Another three episodes of the next - M - series of Qi were filmed in London last week; episodes five, six and seven of the sixteen episode series featured guest appearances by, Aisling Bea, débutant Danny Bhoy and Jimmy Carr, the very excellent Bill Bailey, Jo Brand and a first appearance for Greg Davies and Aisling Bea again, Susan Calman and Sandi Toksvig respectively. Onthe latter, with those three, Alan Davies will be lucky if he can get a word in edgeways. So, that'll be an ice change! A further three episodes are scheduled to be filmed on Tuesday and Wednesday or next week.
Dakota Blue Richards has joined the cast of ITV's Endeavour as a regular character. The former Skins and Golden Compass actress will play WPC Shirley Trewlove in the Inspector Morse prequel series opposite Shaun Evans as the title character. Trewlove is described as 'a thorough, determined and forthright officer', who becomes a valuable member of the force and attracts the admiration of Endeavour. Creator Russell Lewis said of the character: 'Bright, capable and brave, Shirley Trewlove is a very welcome addition to the ranks of Oxford's Finest. While very much a young woman of the 1960s, Trewlove also evokes a very particular kind of timeless British heroine. The sort of clear-eyed, resourceful young woman one wouldn't be surprised to find behind the wheel of the ambulance in Ice Cold In Alex or keeping Robert Donat company across the moors in The Thirty Nine Steps. In Dakota we have found our perfect Trewlove.' Richards said: 'It's very exciting to be joining the talented cast of Endeavour. WPC Trewlove is incredibly astute and enthusiastic and I can't wait to see how her story unfolds.' Endeavour's third series picks up from 2014's previous run, which saw Endeavour Morse framed for the murder of the corrupt Chief Constable Rupert Standish, while the life of Fred Thursday (the always excellent Roger Allam) hung in the balance after being shot in the chest. Series three will have four two-hour episodes, which are once again written by Russell Lewis. Inspector Morse author Colin Dexter also returns as a consultant for the series.

Amanda Holden has denied that Britain's Got Toilets is fixed. One or two people even believed her.
Yer man Jezza Clarkson has said that being dropped from Top Gear 'was my own silly fault.' Well, yeah. Punching a producer geet hard in the mush certainly wasn't anybody else's fault, mate. The broadcaster was speaking to his old chum, BBC Radio 2's Chris Evans, in his first interview since not having his BBC contract renewed. He said that leaving the show had 'left a huge hole' in his life - and, in the BBC's finances - 'that needs to be filled.' Jezza admitted that he had 'taken phone calls' from other broadcasters who wanted to poach the Top Gear team - and their massive international fanbase - but said: 'I'd be a fool to jump into something. I have been at the BBC for twenty seven years. When you emerge after twenty seven years, you find the world is changed. When you learn how the world works, you can start to work out what to do,' he continued. 'In the meantime I'm getting really good at tennis. My forehand has improved immeasurably.' On Thursday, Clarkson launched what he called a 'badly organised world tour' with his former co-hosts Richard Hammond and James May in Belfast. He said that the production was 'Top Gear in all but name' - but the team were now 'able to make their own films' for the big screens 'without any meddling' from the BBC. 'It's broadly the same thing it's been for the last ten years,' he added. Speaking to Evans, Clarkson said that the show was 'very much my baby, I absolutely adored it. I worked all through the night and paid attention to every tiny bit. And then, suddenly you are not asked to do that any more. I was very sad.' But the presenter said that he did not harbour any resentment towards the BBC. 'There are some dreadful people in it,' he said, 'but there are also some really talented, brilliant people. I will never complain about it.'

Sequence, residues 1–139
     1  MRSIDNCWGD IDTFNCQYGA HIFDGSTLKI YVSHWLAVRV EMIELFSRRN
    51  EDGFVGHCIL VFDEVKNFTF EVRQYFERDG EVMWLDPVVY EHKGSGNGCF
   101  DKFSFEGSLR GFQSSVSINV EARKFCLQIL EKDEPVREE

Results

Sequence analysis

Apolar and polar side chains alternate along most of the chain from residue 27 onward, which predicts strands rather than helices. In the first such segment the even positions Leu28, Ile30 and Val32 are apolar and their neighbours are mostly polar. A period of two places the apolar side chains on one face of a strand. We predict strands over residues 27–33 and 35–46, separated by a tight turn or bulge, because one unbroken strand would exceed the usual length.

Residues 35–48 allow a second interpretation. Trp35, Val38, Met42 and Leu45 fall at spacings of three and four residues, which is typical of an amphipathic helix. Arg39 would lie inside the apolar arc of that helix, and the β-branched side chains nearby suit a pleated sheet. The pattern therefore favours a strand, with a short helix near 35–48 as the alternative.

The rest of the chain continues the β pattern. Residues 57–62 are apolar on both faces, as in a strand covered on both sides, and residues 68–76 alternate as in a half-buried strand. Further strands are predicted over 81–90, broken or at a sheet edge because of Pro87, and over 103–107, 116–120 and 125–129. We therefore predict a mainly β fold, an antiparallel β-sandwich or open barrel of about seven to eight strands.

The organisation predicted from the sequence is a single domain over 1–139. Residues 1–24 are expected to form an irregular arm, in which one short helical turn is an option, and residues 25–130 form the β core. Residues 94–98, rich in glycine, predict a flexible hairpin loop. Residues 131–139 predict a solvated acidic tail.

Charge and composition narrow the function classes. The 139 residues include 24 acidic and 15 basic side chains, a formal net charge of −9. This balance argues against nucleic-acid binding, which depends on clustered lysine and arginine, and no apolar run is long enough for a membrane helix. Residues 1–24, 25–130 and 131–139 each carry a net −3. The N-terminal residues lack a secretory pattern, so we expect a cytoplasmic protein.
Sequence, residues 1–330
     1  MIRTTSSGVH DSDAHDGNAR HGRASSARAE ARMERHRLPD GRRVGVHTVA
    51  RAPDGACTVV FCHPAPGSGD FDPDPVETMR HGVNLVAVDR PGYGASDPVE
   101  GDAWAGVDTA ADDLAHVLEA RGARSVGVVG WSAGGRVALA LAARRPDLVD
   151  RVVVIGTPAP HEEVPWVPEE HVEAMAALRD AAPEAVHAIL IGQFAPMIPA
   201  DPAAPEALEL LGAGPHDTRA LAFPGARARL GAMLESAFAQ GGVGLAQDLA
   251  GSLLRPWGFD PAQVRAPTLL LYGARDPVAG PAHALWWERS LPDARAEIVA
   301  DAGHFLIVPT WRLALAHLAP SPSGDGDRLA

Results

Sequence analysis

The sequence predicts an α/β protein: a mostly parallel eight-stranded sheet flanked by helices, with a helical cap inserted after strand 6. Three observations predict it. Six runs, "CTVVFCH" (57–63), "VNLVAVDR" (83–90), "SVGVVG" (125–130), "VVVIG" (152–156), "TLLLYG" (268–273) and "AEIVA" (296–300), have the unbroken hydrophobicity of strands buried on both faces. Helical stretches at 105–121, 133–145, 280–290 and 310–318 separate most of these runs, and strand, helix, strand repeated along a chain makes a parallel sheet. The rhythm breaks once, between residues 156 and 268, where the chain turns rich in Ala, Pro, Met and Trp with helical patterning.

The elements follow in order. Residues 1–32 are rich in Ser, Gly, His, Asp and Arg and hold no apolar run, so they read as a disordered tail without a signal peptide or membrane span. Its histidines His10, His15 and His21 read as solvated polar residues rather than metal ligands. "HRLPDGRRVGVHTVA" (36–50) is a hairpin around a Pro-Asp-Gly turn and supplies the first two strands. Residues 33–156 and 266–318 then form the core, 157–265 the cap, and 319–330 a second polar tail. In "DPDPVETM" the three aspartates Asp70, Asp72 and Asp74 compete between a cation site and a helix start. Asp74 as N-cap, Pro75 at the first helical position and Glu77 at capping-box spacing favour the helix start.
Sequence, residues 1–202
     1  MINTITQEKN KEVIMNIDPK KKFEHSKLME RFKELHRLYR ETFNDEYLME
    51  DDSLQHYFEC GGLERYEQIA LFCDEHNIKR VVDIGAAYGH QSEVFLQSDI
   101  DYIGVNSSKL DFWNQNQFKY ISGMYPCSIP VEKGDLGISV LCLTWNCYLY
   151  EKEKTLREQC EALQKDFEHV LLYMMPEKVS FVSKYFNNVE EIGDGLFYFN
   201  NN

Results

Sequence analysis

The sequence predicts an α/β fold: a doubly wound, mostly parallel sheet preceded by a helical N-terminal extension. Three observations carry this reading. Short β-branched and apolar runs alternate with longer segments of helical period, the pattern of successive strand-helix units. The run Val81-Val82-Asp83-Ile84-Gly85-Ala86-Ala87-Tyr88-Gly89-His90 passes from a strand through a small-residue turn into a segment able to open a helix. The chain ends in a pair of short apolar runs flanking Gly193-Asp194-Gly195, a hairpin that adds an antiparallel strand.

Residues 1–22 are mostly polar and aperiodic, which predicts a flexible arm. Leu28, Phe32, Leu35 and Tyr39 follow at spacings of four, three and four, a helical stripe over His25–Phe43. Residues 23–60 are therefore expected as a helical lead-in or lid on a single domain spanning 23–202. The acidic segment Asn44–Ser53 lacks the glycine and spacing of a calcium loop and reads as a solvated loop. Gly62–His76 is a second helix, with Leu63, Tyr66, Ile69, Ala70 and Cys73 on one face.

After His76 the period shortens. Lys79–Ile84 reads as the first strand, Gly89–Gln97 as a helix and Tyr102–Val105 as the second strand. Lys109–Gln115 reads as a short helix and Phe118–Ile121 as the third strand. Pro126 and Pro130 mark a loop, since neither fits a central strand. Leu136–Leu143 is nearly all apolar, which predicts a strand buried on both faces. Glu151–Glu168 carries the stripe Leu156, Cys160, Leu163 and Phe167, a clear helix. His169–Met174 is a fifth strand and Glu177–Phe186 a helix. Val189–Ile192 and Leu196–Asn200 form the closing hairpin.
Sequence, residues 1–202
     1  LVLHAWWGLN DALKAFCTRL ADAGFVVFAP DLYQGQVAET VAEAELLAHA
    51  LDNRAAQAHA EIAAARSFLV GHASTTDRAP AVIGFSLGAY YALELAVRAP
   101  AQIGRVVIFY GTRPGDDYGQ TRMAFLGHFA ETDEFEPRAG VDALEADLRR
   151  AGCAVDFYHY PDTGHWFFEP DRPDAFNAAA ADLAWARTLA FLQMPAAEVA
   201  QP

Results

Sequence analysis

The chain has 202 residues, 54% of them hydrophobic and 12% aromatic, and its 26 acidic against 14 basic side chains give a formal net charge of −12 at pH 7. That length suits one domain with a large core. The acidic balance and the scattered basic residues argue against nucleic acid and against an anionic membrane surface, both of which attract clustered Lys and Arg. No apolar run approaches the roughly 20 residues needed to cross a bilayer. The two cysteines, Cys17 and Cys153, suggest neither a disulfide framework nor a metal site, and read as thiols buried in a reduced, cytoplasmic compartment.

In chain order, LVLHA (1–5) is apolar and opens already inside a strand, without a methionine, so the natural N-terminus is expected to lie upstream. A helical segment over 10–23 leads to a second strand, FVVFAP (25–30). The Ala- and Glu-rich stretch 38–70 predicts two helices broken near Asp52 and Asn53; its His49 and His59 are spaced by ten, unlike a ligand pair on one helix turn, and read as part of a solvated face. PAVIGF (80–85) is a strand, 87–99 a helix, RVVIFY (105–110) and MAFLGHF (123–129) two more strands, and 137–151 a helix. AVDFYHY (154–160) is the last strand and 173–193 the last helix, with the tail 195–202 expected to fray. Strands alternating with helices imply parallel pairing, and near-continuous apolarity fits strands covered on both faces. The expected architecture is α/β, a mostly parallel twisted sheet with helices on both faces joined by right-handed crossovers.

Top Gear, of course, achieved huge success with Jezza, Richard Hammond and James May at the helm - but it almost didn't happen. The show's former executive producer, Andy Wilman, has revealed that the BBC almost got rid of Hammond after just one series in 2002 as they 'had a wobble' about his involvement. He told the latest issue of Top Gear magazine: 'For a while, for some reason I cannot fathom, the BBC management had a wobble about Richard staying and, in their usual classic HR style, said to him in December: "We may not want you back for the second series, but, anyway, have a good Christmas."' Someone - although Wilman doesn't actually name him or her - at executive level within the BBC was alleged to be 'unsure' whether to bring in two new presenters following the show's return to air in 2002, as the other original presenter Jason Dawe also left after on series 'due to things not working out.' Whatever that means. 'There was no doubt that Richard would stay,' Wilman continued. 'It was about this time we had another visit from the BBC Meddling Department, who told us that market research showed our show was attracting young, lifestyle, trendy viewers to BBC2 so, perhaps, we should think about getting a young, lifestyle, trendy presenter. Ever keen to assist, we searched high and low and eventually came up with just the man - James May!' The producer - who left shortly after Clarkson's contract at the BBC was not renewed - said that the 'meddling department' also pointed out that the show's audience was almost half female. 'Before they had a chance to follow that up with the inevitable suggestion to get a woman presenter, we shooed them out and carried on,' he said.